gethampshire – A human rights organisation is calling on the government to speak out on behalf of a man whose wife has been jailed in Iran in a case it claims has been ‘a complete travesty of justice throughout’.
Amnesty International has launched a petition calling on Foreign Secretary Boris Johnson to publicly raise the case of Nazanin Zaghari-Ratcliffe, who has reportedly been sentenced to five years in prison for unspecified ‘national security charges’.
Nazanin’s husband Richard, who spent most of his life in Fleet but now lives in London, only heard of the sentence on Friday of last week.
Amnesty International said the charges Nazanin was convicted of had still not been revealed to the family.
“Nazanin had been detained since April 3, when she was attempting to board a flight home to the UK after visiting her parents in Iran, with her two-year old daughter Gabriella,” the organisation added.
“Nazanin was arrested by officials believed to belong to Iran’s Revolutionary Guard, who did not explain why they were arresting her.
“Her toddler daughter – a British national – had her UK passport confiscated (she does not have an Iranian passport) and was handed to her grandparents who had accompanied them to the airport, while Nazanin was taken away by the authorities.”
Amnesty International said Nazanin was subjected to 45 days in solitary confinement after she was arrested.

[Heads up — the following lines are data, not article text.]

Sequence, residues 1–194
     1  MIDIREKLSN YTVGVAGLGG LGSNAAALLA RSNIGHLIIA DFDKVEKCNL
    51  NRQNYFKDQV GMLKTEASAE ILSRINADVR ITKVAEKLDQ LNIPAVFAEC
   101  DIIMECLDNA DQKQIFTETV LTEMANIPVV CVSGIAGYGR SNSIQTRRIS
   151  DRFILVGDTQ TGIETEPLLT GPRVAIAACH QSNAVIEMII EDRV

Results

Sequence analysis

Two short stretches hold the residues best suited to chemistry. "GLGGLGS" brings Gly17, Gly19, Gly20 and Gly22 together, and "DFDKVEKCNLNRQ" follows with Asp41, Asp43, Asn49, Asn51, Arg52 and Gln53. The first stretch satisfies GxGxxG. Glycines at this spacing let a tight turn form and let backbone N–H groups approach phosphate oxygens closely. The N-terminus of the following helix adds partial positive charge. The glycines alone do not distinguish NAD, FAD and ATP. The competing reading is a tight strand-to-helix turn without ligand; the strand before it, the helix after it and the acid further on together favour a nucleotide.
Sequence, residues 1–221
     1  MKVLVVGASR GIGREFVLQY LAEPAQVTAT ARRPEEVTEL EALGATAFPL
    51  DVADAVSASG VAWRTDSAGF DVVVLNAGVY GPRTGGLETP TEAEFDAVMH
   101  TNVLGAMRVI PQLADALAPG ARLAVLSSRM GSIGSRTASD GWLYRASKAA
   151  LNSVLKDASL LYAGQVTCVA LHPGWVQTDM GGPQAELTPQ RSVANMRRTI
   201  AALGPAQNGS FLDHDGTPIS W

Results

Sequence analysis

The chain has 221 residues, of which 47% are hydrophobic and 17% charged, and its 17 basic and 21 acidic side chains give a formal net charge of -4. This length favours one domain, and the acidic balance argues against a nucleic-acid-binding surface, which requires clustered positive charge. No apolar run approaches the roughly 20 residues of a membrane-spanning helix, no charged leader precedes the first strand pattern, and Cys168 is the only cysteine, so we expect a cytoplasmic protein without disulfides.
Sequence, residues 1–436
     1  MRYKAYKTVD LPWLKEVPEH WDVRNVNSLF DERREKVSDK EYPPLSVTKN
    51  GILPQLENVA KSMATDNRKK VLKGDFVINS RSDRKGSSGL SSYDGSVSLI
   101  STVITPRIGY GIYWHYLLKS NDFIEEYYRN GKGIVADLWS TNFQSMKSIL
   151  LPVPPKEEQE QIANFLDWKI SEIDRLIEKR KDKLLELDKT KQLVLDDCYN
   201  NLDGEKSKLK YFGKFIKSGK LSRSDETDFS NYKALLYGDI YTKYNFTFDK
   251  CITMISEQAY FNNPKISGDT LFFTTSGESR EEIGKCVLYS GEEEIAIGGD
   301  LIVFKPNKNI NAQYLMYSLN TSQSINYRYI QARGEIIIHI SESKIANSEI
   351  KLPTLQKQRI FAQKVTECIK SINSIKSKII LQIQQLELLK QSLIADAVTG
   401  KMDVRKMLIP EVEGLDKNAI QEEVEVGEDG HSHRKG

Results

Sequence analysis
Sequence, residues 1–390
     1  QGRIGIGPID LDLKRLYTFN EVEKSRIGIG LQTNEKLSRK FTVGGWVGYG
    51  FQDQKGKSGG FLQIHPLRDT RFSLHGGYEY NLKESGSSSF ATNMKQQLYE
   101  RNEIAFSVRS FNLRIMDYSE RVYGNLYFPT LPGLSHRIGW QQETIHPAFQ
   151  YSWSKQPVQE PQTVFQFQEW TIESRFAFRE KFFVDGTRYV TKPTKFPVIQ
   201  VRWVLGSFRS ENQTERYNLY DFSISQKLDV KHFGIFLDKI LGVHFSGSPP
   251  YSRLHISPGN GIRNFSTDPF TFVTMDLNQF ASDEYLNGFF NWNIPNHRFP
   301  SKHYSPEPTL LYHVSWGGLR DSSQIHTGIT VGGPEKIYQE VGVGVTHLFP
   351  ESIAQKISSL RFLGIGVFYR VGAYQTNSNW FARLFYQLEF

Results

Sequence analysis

“She was denied access to a lawyer and barred from meeting her family until over a month into her detention,” it added.
“Nazanin is imprisoned in Iran. Meanwhile, little Gabriella is trapped in Iran, denied from travelling home to the UK to be with her father.”
Mr Ratcliffe was born in Aldershot and went to school in Farnham and then Salesian College in Farnborough before going on to Edinburgh University.
He met Nazanin at an anthropology lecture and the pair married in Winchester in August 2009. The wedding reception was held in his parents’ garden in Fleet.
Amnesty International said the Iranian authorities have yet to explain to Nazanin her crime.
“The closest they’ve got is an unidentified official telling the family that Nazanin is being held ‘for reasons related to national security’,” it added.
“If that’s the case, the authorities should make any allegations against Nazanin clear to her and her lawyer.
“Unless Nazanin is charged with a recognisable crime at a fair trial, the Iranian authorities must release her immediately – and return their UK passports to both Nazanin and her daughter, permitting them to travel.”
Responding to reports that Nazanin has been sentenced to five years in prison, Amnesty International UK’s Individuals at Risk Campaign Manager, Kathy Voss, said: “This is extremely depressing but probably not unexpected news.
“Iran’s Revolutionary Courts are notorious for handing down prison sentences after grossly unfair trials.
“From all the reports we’ve seen, Nazanin’s case has been a complete travesty of justice throughout – beginning with her protracted secret detention, then the unsupported accusations from officials, and culminating in the out-of-the-blue sentence.
“We’re calling on the UK government to make urgent representations on Nazanin’s case at the highest level.
“Unless it can be shown that she’s been charged with an internationally recognisable criminal offence and allowed to defend herself in proceedings that meet international fair trial standards, this conviction and sentence should be quashed and she should be freed.”
The Foreign Office said it was ‘deeply concerned’ by the reports and that Prime Minister Theresa May and Foreign Secretary Boris Johnson would continue to raise the case with their counterparts in Iran.